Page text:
A’ Chailleach (997m); Sgurr Breac (999m);
Sgurr nan Each (923m); Sgurr nan Clach Geala (1093m) and
Meall a’ Chrasgaidh (934m)
- Pronunciation: Uh Chalyok; Skoor Vrack; Skoor nern yak; Skoor nern Klach Gee-aller; Miaowl uh Chrasgee
- Translation: Old Lady; Dappled Hill; Hill of the Horse; Hill of the White Stones; Hill of the Crossing
- Total distance: 24.7km
- Total time: 8hrs 18mins
- Total ascent: 1883m
- Weather: Dry, bright and warm. Humid in the morning with no wind.
- Start / end location: Road side lay-by on A832 about 4.5km west of Braemore Junction. [OS Map Sheets 19 & 20 – Grid Ref: NH 163 761 (Sheet 20)]
- Map: A map of route can be found here – it may take a few moments to load into a separate window. The map displays on most browsers, but not unfortunately Internet Explorer.
We passed the spectacular Corrieshalloch Gorge to reach the starting point of our climb today at the elbow on the A832 about 4.5km west of Braemore Junction (where the A835 and A832 roads intersect). It was another beautiful bright day, but once again very humid which meant that we were plagued by midges as we donned our boots and got ourselves organised. Once we got underway, the midges became less of a nuisance.
Our route began along a short section of land-rover track that took us from the side of the main road passed the fringes of a small conifer plantation to the head of Loch a’ Bhraoin – at its eastern end. As we neared the loch we noticed that the estate had constructed a lovely new path through a few hundred metres of the plantation that brought us to a bridge across the Abhainn Cuileig river, which flowed out from the loch.
We crossed the bridge to join an excellent stalkers’ path that ran south over a high bealach (which we would cross later) where it then dropped down to reach the western end of Loch Fannich – which gives its name to the surrounding group of hills. We kept to this path for only a few hundred metres until we were directly in line with the NNE ridge below Leitir Fhearna. At this point, we branched of the main path to follow a faint and in places boggy route that led directly up the craggy face of Leitir Fhearna. The route was always steep but without any technical difficulties and we soon arrived at much flatter ground once the top of Leitir Fhearna was reached. Here, a small cairn of stones marked the top of the descent route back down the face if the outing was done in reverse.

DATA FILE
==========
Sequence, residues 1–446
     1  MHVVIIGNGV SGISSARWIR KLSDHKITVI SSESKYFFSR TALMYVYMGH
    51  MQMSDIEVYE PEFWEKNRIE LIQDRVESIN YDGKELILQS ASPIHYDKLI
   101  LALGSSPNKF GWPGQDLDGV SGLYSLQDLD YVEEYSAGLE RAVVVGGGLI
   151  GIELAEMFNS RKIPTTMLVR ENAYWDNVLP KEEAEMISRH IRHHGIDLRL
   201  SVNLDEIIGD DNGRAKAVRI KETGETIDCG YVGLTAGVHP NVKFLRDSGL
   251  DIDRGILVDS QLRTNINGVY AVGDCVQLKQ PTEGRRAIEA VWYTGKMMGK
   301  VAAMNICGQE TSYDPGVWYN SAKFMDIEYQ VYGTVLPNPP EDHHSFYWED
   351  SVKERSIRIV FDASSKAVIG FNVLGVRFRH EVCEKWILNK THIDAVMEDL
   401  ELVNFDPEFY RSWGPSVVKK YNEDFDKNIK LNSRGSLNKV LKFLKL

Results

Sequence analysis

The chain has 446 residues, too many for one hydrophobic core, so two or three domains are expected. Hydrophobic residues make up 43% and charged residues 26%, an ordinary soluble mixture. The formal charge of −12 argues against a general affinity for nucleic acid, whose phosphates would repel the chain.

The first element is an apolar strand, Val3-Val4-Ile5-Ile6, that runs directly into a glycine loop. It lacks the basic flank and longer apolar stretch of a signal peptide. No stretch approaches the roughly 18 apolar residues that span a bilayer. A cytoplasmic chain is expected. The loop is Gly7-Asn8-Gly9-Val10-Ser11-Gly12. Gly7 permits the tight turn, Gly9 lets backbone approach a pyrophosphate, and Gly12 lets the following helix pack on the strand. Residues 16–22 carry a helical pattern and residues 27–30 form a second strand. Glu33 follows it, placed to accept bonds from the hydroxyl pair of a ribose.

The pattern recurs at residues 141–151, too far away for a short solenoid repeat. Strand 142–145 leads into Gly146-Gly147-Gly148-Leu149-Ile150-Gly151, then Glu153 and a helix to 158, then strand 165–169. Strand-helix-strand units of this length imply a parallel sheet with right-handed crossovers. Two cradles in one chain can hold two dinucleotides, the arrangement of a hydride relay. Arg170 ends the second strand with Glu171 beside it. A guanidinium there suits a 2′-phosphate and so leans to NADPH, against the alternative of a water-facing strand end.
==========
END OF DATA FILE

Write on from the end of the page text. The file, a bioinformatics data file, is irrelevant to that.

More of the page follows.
We crossed 500m of flat ground before we reached the foot of the long grassy ridge of Druim Reidh, which led directly up to the peak of Toman Coinnich (935m and a Munro Top). However, at a height of 800m, and well before the summit peak was reached, we contoured around the west of Toman Coinnich to a small col below our first Munro objective of A’ Chailleach. From this col a steady climb up the east ridge brought us to the summit at 997m or 3,271ft. This gave us a great vantage point to see the remainder of the walk extended out to the east as well as fantastic views NW to the mighty An Teallach, west to the Fisherfield range and SW to the mountains of Torridon, the latter that we’d recently climbed.
We descended the east ridge back to the col and then climbed to the summit of Toman Coinnich. We continued east by descended slightly to another col before finally climbing easily to the summit of Sgurr Breac, our second Munro at 999m or 3,278ft. Still heading east we descended the ridge, which had steep cliffs to its northern side, before veering ESE to reach the bealach in the stalkers’ path mentioned previously. This involved quite a loss in height from the second Munro summit at 999m to the bealach at 550m. We crossed the bealach and began the stiff climb up the pathless grassy western slope that led directly to a col at the low point in the broad (north-south) ridge that connected together the Munros of Sgurr nan Each and Sgurr nan Clach Geala.
After some considerable exertion we arrived at the col and turned right (south) to follow a snaking ridge to the summit of Sgurr nan Each at 923m or 3,028ft. We stopped by the summit cairn for some lunch and to admire the huge herds of red deer that were congregating in the undulating hollows on the hillside below us. Unfortunately, some unwelcome midge visitors soon joined us and so we didn’t linger too long.
We retraced our steps back to the col in the connecting ridge and then began the long and fairly easy-angled ascent of Sgurr nan Clach Geala. At 1093m or 3,586ft, this Munro towered above the others that we’d already climbed, and also the fifth one that we were about to do. It was, however, just slightly eclipsed in height by its near neighbour, Sgurr Mor at 1110m, about 2.5km to the east. We’re saving Sgurr Mor and another three Munros to the east of us for another outing, and instead descended north along a lovely ridge, Am Biachdaich, with steep cliffs on its east side and a patchwork of large boulder scree on the west. The ridge led to a huge wide col between three hills, the Munro we’d just descended from, Carn na Criche (961m) to the east and our next Munro conquest, Meall a’ Chrasgaidh, to the north.
We crossed the wide col, an expanse of peat hummocks and short wind-clipped grass, where we then ascended the broad and easy-angled SSE ridge to reach the summit of Meall a’ Chrasgaidh at 934m or 3,064ft.
From the summit we descended on a course due west down a very pleasant slope of short grass and heather to reach the stalkers’ path running along the floor of the glen below. We followed this path north for just over 2km to reach the bridge over the Abhainn Cuileig river. It was then just a short walk through the forestry plantation and then the land-rover track back to our car.
It had been a brilliant day over a long and quite physically demanding route but we were justly rewarded with some fantastic scenery of a mountain region and landscape that we’d not previously visited before.